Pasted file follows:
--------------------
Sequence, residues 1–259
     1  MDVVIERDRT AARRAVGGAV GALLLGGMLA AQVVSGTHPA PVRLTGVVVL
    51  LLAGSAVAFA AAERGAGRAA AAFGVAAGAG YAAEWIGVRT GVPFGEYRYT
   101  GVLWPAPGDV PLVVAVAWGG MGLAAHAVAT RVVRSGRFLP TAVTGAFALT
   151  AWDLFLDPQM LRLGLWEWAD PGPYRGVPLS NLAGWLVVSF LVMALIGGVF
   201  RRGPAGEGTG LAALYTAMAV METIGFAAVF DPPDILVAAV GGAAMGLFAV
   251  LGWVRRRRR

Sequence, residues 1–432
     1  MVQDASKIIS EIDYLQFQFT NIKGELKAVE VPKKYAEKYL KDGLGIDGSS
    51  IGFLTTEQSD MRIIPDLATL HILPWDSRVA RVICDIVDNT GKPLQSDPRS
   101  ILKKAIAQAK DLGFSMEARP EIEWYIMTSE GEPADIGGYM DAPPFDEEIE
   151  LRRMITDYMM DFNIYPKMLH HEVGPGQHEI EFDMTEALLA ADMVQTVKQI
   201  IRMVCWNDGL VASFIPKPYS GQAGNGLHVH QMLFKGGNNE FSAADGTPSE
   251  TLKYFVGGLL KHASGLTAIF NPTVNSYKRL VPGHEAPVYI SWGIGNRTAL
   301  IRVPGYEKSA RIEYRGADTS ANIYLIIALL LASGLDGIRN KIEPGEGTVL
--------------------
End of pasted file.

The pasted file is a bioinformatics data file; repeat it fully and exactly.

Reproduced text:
Sequence, residues 1–259
     1  MDVVIERDRT AARRAVGGAV GALLLGGMLA AQVVSGTHPA PVRLTGVVVL
    51  LLAGSAVAFA AAERGAGRAA AAFGVAAGAG YAAEWIGVRT GVPFGEYRYT
   101  GVLWPAPGDV PLVVAVAWGG MGLAAHAVAT RVVRSGRFLP TAVTGAFALT
   151  AWDLFLDPQM LRLGLWEWAD PGPYRGVPLS NLAGWLVVSF LVMALIGGVF
   201  RRGPAGEGTG LAALYTAMAV METIGFAAVF DPPDILVAAV GGAAMGLFAV
   251  LGWVRRRRR

Sequence, residues 1–432
     1  MVQDASKIIS EIDYLQFQFT NIKGELKAVE VPKKYAEKYL KDGLGIDGSS
    51  IGFLTTEQSD MRIIPDLATL HILPWDSRVA RVICDIVDNT GKPLQSDPRS
   101  ILKKAIAQAK DLGFSMEARP EIEWYIMTSE GEPADIGGYM DAPPFDEEIE
   151  LRRMITDYMM DFNIYPKMLH HEVGPGQHEI EFDMTEALLA ADMVQTVKQI
   201  IRMVCWNDGL VASFIPKPYS GQAGNGLHVH QMLFKGGNNE FSAADGTPSE
   251  TLKYFVGGLL KHASGLTAIF NPTVNSYKRL VPGHEAPVYI SWGIGNRTAL
   301  IRVPGYEKSA RIEYRGADTS ANIYLIIALL LASGLDGIRN KIEPGEGTVL